Science & Technology Commission
March 28, 1999
Attendees: Anita Jones (chair), Gene Block, Don Brown, Ariel Gomez,
Erik Hewlett, Stephanie Johnson, Robert Jones, Dick Merrill, Gary Owens, Karen Parshall,
Sally Parsons, Dennis Proffitt, Kevin Sullivan. Ex officio: Pace Moore, Tim Sigmon, Dick
Sundberg, Haydn Wadley. Staff: Amy Cronin, Charles Feigenoff, Brian Moriarty, Fariss
The Commission heard and discussed a proposal on implementing an Information Science
Initiative presented by Dennis Proffitt. The Commission discussed strategies for coming to
closure on a series of recommendations.
Proposal: Implementing an Information Sciences Plan
- Proffitt began by pointing to the Sullivan/Brown report of 2/15/00 and its definition of
where the University should position itself in the Information Age. Proffitt agreed with
Sullivan and Browns assertion that the information revolution has only just begun
and added that growth in this area will continue to increase exponentially for some time.
In his proposal, Proffitt suggested a variety of ways that the University might implement
an Information Sciences initiative.
- Proffitt recommended creating a new college of Information Science and Technology with a
core set of degrees and focal areas that constituted joint research and education with
many other elements of the university. Noting a number applications that computational
ways of thinking have to a variety of fields, Proffitt argued that any plan undertaken by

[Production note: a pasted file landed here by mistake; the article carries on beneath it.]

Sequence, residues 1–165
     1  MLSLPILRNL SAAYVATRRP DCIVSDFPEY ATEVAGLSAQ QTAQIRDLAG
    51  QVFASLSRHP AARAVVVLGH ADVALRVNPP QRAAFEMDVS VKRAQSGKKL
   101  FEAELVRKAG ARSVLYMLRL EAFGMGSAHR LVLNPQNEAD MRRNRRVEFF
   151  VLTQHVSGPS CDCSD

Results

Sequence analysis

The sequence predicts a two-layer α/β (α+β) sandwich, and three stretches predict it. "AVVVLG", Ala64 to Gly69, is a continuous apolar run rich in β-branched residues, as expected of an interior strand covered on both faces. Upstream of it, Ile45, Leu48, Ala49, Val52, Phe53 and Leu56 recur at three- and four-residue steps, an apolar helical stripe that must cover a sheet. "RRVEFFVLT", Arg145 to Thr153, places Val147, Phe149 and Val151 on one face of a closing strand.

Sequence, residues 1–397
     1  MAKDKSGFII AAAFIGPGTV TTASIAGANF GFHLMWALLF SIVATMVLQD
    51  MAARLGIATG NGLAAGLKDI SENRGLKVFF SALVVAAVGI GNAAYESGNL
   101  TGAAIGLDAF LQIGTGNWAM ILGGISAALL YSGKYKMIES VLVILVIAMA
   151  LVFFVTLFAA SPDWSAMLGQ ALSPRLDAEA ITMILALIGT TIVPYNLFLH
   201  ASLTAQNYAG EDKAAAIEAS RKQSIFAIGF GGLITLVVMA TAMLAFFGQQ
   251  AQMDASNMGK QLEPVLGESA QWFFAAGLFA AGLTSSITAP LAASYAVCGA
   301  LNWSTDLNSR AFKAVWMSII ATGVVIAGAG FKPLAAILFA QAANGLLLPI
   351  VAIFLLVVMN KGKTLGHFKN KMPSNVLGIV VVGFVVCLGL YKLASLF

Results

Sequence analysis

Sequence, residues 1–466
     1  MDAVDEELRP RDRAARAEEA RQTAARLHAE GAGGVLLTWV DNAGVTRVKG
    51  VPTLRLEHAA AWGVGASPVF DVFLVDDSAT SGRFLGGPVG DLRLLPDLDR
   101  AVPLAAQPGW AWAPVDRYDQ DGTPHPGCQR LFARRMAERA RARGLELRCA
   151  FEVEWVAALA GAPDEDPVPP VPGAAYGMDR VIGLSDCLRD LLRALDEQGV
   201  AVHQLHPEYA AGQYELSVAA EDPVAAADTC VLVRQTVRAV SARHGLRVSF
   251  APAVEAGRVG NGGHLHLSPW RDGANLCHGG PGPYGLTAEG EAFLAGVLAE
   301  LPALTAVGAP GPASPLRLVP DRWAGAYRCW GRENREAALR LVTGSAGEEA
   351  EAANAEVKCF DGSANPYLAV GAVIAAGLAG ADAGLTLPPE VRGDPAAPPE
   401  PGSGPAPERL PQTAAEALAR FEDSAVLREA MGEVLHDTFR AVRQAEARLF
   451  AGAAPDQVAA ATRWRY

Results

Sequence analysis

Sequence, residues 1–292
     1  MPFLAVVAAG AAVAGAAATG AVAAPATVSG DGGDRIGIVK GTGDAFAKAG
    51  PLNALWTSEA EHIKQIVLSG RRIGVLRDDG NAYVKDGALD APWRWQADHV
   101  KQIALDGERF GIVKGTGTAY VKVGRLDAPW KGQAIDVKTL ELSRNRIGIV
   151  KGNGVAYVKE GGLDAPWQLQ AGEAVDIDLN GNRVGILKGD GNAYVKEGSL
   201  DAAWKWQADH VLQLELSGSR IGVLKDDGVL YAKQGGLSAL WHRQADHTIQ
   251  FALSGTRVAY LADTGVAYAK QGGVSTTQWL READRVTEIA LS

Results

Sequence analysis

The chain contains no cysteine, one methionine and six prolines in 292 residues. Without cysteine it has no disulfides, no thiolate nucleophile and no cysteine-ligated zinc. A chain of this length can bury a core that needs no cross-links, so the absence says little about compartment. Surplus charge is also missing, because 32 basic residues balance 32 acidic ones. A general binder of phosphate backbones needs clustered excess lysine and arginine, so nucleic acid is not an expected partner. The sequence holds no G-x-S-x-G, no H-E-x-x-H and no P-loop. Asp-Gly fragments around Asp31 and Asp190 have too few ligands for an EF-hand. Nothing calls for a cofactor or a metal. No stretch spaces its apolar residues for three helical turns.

the University should be cognizant on the impact this area has and will continue to have
- The Commission discussed a range of structural ways that such a plan might be put into
operation. The following were identified as key elements for this type of undertaking:
support for cross-disciplinary research, meeting a range of facilities and resource needs,
an increase in undergraduate and graduate level computer courses both in SEAS and in the
College of Arts and Sciences, and an increase in the size of the faculty in select areas
in order to meet the growth in education and research that has an Information Science
- A number of hiring strategies were discussed. Key to this discussion was the issue of
cross-disciplinary hires and whether it is best to hire new faculty who are responsible to
multiple departments or to centralize new faculty resources, promoting cross-disciplinary
collaboration by some other method.
Strategies for Coming to Closure
- Anita Jones emphasized the need for the Commission to come to agreement on a series of
strategic recommendations. The Commissions vision must become manifest in the
choices it makes.
- Gene Block suggested that the Commission do further investigation into the
Universitys strengths in science and technology by gathering further input from
colleagues at other institutions. Sally Parsons likewise recommended that the Commission
continue to increase its efforts to involve the larger University community in the
decision making process.
- A number of members emphasized the importance of the Commissions decision making
criteria, noting that the Commissions decisions will likely impact the University
for the next 5 to 20 years. It was decided that further discussion of the
Commissions criteria was needed before proceeding further. This discussion will take
place at the next scheduled meeting (Tuesday, April 11).
- Implementing an Information Sciences Plan
- Strategies for coming to closure
Tuesday, April 11, 2000, 7:30-9:00 a.m., Newcomb Hall Room 389
- This meeting will continue the open discussion on a first draft set of recommendations.
Again, the issue of selecting focus areas and the process by which we come to closure is
of key importance. The list of criteria recently sent to members by electronic mail will
be discussed in this context.